by Sarah E. Coleman
Montevideo, Uruguay is a long way from Lexington, KY—over 5,300 miles away, to be more precise. Additionally, the entire population of Uruguay is only 3.4 million people—less than the population of Kentucky, which is 4.5 million.
Traveling that far and into a country so large is daunting for even the most self-assured person; but it was but one small step on Sebastian Angelillo’s journey in the Thoroughbred industry. Sebastian arrived in Kentucky in 2011 to be a part of the KEMI program.
A Winding Road to the Bluegrass
Sebastian is no stranger to horses; his family used to own and race Thoroughbreds from his Haras Sureño farm when Sebastian was growing up. “I’ve liked horses since I was a kid,” Sebastian says. “I used to go to Maronas racetrack with my family and friends.” These experiences at the racetrack and with his father’s horses ignited in Sebastian a passion for the Thoroughbred industry.
Sebastian notes that in Uruguay, if one wanted to be involved in the Thoroughbred industry that their options are quite limited. “You could go to vet school, be a trainer or be a farrier—that’s about it,” he explained. He completed a training course at San Isidro in Argentina and a few years of vet school until he decided that the business side of the industry was more in line with what he wanted to accomplish with his career. “I always wanted to be in a place where I could learn from the best in the industry—and that’s what I did [by coming to Kentucky].”
Though Sebastian was emotional when he received the acceptance email from the KEMI program, he knew that heading to the States and being in the KEMI program would give him the best experiences in the industry—even if it meant leaving behind friends, family and his home. “The KEMI program was my first experience in a foreign country and it opened so many doors to me,” Sebastian reminisces.
Once settled in the KEMI program, the hands-on work quickly became Sebastian’s favorite. “That’s where I believe you get a real view and learn how to do things,” he explained. Sebastian was placed at Three Chimneys Farm during his time at KEMI. “I worked for Sandy Hatfield, the best guide ever,” he said.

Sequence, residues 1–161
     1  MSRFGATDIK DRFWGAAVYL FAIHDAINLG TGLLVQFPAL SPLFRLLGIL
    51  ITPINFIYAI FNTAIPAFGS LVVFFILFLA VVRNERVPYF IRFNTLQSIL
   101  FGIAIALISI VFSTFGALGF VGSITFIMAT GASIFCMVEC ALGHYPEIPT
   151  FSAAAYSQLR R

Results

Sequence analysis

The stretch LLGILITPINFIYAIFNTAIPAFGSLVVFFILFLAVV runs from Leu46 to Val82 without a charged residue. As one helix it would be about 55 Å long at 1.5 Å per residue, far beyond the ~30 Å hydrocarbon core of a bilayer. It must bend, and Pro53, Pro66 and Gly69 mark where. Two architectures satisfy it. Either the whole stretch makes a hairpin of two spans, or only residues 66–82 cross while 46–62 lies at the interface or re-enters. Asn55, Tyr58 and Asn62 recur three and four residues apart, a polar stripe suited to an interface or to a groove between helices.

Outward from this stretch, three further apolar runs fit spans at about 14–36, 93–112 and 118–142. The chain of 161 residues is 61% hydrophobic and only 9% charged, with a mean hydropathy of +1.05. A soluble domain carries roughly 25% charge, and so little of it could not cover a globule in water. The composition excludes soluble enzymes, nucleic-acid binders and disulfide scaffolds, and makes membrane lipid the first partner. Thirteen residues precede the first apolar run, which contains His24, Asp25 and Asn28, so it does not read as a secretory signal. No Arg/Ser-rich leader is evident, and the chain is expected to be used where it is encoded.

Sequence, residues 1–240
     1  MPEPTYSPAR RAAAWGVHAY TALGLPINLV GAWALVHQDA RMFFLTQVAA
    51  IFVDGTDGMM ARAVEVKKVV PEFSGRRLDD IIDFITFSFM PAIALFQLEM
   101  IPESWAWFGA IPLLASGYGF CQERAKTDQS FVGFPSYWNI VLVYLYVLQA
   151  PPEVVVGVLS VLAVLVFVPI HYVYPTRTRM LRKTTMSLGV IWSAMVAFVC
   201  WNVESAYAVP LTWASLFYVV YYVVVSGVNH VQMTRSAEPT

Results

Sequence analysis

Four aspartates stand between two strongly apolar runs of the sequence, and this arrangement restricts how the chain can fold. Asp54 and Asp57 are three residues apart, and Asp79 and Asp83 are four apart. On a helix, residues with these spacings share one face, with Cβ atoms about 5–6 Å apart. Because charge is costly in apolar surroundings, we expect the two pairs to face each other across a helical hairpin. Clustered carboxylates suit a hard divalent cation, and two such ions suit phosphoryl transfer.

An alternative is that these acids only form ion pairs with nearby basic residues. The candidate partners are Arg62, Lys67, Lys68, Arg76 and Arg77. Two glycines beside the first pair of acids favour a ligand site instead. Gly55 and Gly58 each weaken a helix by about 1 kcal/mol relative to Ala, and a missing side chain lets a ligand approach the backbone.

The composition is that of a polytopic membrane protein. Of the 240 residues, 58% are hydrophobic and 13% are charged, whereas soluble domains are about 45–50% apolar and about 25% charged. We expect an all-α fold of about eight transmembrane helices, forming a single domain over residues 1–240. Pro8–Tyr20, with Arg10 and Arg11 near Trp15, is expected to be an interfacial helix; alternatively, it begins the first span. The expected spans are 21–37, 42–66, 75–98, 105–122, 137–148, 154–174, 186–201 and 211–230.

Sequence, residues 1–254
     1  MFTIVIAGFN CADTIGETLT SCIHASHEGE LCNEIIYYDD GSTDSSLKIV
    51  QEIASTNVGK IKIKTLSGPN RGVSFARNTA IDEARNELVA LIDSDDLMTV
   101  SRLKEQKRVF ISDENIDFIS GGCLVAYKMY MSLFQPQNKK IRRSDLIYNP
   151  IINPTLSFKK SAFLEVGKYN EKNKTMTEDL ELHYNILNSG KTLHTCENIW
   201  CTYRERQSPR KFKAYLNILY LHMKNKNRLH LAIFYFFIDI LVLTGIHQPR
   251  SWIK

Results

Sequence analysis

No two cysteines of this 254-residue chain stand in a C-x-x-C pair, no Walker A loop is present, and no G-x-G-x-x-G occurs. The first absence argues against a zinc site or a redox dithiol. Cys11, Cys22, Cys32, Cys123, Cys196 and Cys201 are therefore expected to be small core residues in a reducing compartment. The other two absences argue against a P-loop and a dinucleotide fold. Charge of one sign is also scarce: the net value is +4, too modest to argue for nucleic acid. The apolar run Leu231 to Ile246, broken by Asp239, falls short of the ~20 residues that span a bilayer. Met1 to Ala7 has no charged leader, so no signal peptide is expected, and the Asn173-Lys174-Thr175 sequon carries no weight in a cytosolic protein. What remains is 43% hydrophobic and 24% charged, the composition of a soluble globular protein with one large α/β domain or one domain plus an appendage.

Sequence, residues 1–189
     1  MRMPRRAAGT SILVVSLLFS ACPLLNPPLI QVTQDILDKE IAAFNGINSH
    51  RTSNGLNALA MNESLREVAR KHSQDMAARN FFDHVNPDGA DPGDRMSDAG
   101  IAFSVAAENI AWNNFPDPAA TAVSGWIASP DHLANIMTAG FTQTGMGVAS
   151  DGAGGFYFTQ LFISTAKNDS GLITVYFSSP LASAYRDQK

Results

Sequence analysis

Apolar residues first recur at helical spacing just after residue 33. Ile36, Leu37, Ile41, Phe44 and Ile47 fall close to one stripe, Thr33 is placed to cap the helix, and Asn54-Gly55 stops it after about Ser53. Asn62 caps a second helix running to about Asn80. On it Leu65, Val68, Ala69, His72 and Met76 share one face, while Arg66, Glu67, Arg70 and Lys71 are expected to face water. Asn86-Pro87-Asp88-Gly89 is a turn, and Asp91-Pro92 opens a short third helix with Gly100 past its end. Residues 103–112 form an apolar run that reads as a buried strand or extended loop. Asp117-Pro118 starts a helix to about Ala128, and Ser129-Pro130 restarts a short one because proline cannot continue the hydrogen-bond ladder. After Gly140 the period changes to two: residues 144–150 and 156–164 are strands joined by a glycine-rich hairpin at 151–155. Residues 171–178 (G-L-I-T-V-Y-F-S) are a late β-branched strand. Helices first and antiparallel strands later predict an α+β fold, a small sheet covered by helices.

Sebastian worked hard during his time at KEMI and his work ethic didn’t go unnoticed; he won the Kentucky Thoroughbred Farm Managers Club (KTFMC) Management Award, recognizing him for his hard work, professionalism and dedication to the industry. With the award, Sebastian was awarded the opportunity to shadow Thoroughbred industry professionals for one week at the conclusion of his KEMI internship. Sebastian shadowed Donato Lanni, Greg Fox, Bradley Purcell, Dan Rosenburg, Eoin Hardy, Tony Cissell, Tom Evans, Bill Witman, Tom Thornbury and Fabricio Buffolo.
All Over the Map
After graduation from KEMI, Sebastian went to Taylor Made farm and worked in the yearling division, where he had the opportunity to go to all the major yearling sales in Kentucky and Saratoga, as well as to the breeding stock sales in November. In 2012, Sebastian took part in the Irish National Stud breeding program internship. The goal of the Irish National Stud course is to offer students hands-on, practical training in every aspect of Thoroughbred breeding. While in Ireland, Sebastian also completed a yearling sales prep program at Staffordstown Stud and worked the major yearling sales in both Ireland and England.
After that, Sebastian headed to the Southern Hemisphere, where he worked at Widden Stud and Chatsworth Park in New South Wales, Australia. “I worked for a full year with mares, foals, weanlings, yearlings and stallions, and I also worked all the major sales there,” he said.
In June of 2014, Sebastian returned to Taylor Made Farm in Nicholasville, KY, to help in the yearling division; he also again assisted in the Saratoga and Kentucky yearling sales. Then, in September, Sebastian moved to Ocala, FL, and worked at Eddie Woods Training Centre to gain experience in the 2-year-old pinhooking business. He stayed in Florida for nine months: The horses were bought as yearlings and sold as 2-year-olds in the major sales.
Making his Mark
In September 2015, Sebastian began working on a South American venture under the Taylor Made brand, building and developing relationships between Argentina, Brazil, Chile, Uruguay and the U.S.
A true go-getter in every sense of the word, Sebastian was the perfect partner for Taylor Made when they sought to expand their relationships in South America. Sebastian was the first Uruguayan ever to complete the Irish National Stud’s breeding course, which has hosted students from Argentina, Brazil, the United States, France, England, China, New Zealand, Jamaica, Mexico and elsewhere. Sebastian feels that what he learned from the course was integral to the negotiations for California Chrome’s shuttling to Chile to stand at stud.
Sebastian was instrumental in striking the three-year agreement for Chrome to stand at Haras Sumaya, near Santiago, Chile. There, the stallion covered 278 mares in his first two seasons and saw multiple first weanlings sell for six figures in 2018.
So what’s next on his agenda? “I’m trying to develop a sales company here in Uruguay,” Sebastian explains. “I will make the first-ever yearling selected sale in Uruguay on June 13.” Sebastian brought Tom Thornbury to Uruguay to inspect the young horses for the selection process.
Though the history of Thoroughbred breeding is rich and deep in South America, Sebastian has his sights set on bettering the industry as a whole. With his work ethic and successful track record, there’s no doubt Sebastian will leave a lasting mark on the Thoroughbred industry on multiple continents.